By Matty Lawrence
London, Liverpool and any other parts of England (and with a little chuckle, Wales), you guys can sit down and shut up because the EPL title is heading to Manchester. The only question is which colour: red, or blue?
Before the season started I plumped for the ReDevils and I haven’t had a great deal of time to reassess my judgement.
Arsenal were dismissed as contenders the minute that Arsene Wenger chose to remain at the helm.
Liverpool have about as much chance of winning the league as their porous defence does of keeping a clean sheet despite beating an anaemic Crystal Palace, (who have already lost their manager), and a Wenger lead Arsenal.
Spurs would be in with a shot of the title if they had any cojones and weren’t forced to play all of their games away from home. 19 away games and 19 other teams personal Wembley finals – Good thinking, Mr. Levy.
And while we’re speculating, let’s put Chelsea under the microscope for a couple of sentences. Can they win the league? Of course they could if they hadn’t lost Matic and Costa. As it stands right now, they don’t have a chance.
I certainly don’t want to be accused of any bias, so if I haven’t mentioned your team it isn’t because I don’t appreciate their participation, it’s just because most of them will just be happy to NOT be relegated – an achievement equivalent of the 25 yard swimming certificate you were awarded as a kid – but more lucrative.
Now that I have managed to dismiss 90% of the EPL in a few paragraphs let’s focus on the real runners and riders in this two horse race.
As much as it pains me to say, the Premier League may as well deliver the trophy to Manchester Town Hall now with a red and blue ribbon attached to each handle. Why stop there? Let’s get the engraver started on the first 10 letters: I see no reason in wasting time.
Yes, Manchester United was my early tip for the top. That was a bitter pill to swallow for a Liverpool fan and I’m just glad I didn’t have the arsenic tipped one within reach. Marouane Fellaini has been the most popular player to ridicule at Manchester United since his big money move from Everton. In truth it was a double act, the Moyes and Fellaini show that saw United regress about three decades and nearly destroy all of Sir Alex Ferguson’s diligent work.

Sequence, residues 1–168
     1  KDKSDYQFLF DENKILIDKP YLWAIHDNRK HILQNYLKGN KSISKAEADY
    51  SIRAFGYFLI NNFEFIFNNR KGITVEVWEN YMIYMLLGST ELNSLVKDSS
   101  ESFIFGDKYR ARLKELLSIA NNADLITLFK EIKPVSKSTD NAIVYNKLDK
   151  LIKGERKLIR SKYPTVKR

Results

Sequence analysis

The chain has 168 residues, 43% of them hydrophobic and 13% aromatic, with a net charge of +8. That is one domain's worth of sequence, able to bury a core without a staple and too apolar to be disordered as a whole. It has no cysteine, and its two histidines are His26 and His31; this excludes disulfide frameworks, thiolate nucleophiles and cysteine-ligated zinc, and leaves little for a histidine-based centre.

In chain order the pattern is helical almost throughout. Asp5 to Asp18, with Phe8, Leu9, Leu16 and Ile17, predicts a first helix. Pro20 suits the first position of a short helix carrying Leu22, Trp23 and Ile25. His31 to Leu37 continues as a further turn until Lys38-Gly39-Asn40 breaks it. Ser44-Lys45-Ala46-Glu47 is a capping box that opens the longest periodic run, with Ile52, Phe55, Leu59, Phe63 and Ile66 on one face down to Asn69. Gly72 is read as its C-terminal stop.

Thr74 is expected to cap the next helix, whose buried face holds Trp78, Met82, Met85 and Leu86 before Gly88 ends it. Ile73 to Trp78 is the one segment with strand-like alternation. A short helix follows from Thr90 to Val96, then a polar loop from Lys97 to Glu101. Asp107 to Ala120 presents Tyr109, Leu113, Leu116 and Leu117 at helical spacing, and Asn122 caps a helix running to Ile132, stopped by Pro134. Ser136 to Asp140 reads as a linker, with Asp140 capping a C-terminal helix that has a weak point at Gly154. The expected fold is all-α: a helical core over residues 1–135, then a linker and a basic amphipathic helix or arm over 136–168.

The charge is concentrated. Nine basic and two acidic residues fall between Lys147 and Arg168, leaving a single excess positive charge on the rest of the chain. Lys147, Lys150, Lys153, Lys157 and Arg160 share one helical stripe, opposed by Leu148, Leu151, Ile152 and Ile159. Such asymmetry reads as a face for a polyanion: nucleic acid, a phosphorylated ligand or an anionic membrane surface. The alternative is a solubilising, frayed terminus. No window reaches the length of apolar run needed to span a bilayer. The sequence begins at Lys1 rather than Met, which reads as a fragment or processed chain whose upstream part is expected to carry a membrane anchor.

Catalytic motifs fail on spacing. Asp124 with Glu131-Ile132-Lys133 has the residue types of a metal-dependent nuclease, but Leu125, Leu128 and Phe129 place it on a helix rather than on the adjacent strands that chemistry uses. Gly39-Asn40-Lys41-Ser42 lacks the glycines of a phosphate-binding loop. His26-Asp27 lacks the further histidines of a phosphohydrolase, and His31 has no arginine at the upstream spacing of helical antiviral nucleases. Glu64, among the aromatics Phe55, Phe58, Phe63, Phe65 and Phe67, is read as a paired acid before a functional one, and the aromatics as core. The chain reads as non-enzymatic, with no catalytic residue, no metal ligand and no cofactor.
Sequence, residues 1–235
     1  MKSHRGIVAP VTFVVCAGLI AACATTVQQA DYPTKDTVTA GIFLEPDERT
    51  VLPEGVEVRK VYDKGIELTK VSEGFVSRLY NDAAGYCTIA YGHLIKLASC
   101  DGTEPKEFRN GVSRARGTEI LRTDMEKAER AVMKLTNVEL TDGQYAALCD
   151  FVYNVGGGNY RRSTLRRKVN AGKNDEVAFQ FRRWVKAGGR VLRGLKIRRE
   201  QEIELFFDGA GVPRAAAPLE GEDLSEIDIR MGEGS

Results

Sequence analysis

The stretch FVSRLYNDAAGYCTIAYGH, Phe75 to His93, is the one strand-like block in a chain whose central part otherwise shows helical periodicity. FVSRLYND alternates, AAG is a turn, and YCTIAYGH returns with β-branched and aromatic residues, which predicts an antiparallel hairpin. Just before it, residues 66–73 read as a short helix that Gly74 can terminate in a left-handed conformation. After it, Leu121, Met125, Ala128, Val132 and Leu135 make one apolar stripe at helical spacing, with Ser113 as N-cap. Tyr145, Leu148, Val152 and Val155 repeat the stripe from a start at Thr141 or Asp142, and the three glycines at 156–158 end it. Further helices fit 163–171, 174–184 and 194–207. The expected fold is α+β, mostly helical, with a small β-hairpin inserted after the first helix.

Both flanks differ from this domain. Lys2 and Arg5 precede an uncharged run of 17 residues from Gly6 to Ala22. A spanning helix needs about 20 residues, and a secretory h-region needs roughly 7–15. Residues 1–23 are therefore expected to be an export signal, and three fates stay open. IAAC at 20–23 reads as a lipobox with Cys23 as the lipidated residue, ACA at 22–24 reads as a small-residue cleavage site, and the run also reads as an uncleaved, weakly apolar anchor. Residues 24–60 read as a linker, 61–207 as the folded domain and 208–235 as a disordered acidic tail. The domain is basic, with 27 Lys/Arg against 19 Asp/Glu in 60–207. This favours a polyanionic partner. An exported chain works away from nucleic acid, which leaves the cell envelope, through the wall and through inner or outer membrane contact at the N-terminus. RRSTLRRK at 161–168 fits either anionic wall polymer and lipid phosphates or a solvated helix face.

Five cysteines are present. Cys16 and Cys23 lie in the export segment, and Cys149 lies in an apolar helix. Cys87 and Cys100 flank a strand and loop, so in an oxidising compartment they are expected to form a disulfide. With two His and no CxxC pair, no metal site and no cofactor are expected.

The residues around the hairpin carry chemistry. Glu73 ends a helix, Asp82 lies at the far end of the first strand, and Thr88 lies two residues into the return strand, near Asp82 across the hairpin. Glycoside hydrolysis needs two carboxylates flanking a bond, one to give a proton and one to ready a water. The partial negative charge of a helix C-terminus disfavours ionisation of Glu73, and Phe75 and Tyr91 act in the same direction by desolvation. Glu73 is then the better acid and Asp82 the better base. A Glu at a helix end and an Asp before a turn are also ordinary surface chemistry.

Jose Mourinho has since come into Old Trafford and injected Fellaini with confidence, belief and the recollection that the right boot goes on the right foot and the left boot on the left. Mourinho stated that the squad “feels weaker” without Fellaini and, give the Belgian his due, he is repaying that faith as he showed Tuesday when he replaced Paul Pogba in the Champions League match, delivering a solid performance and a goal.
Romelu Lukaku is another player thriving on the support of his manager, but this time the support is represented by the near $100m outlay. Lukaku is a beast and with six goals in six games is proving that he deserved the move to a Champions League club.
I am almost of the belief that Nemanja Matic was a more important signing than Lukaku. The way he patrols in front of the (at times) shaky United back four is a sight to behold and a sight for all Chelsea fans to view from behind the sofa. Matic has brains and stability and appears to provide the final piece of the Manchester United jigsaw.
For now (until at least January) Mourinho and Ed Woodward have done a wonderful job of creating a team that can compete for all three major trophies they are vying for this season.
Meanwhile, the blue side of Manchester has been equally adept under the tutelage of Pep Guardiola who signed some top players this summer and is moulding a squad that is more than capable of fighting on domestic and European fronts.
When Guardiola came into City he was faced with an aging squad going nowhere fast, but has managed to transform them. Yes, he has been aided by a lorry load of oil money, but the players acquired are long term investments who could easily go on to raise their price tag. And these summer signings are welcome additions to the young talent in the shape of Gabriel Jesus, Leroy Sane and the two English boys in Stones and Sterling.
Place these alongside Ederson, Mendy, Bernardo Silva, Danilo and Walker and you see a younger, more dramatic squad emerging in a relatively short space of time. Pep should also be lauded for some of the players he offloaded for decent money while reducing the wage bill: Iheanacho (buy back included), Bony, Nasri, Clichy, Jesus Navas and the old heads of Kolarov and Zabaleta have all left the building.
Guardiola also now has the ability to play a number of different formations and a squad depth to rival most, if not all, teams throughout Europe.
The proof will be in the pudding as the season progresses and we conclude the Mickey Mouse stages of the Champions League and move into the knockout phase, but, I for one am starting to worry about my premature United prediction.
There’s nowt as fickle as a football fan, but I can’t be swayed: I’m sticking with Manchester United for the EPL title and Real Madrid for the hat-trick.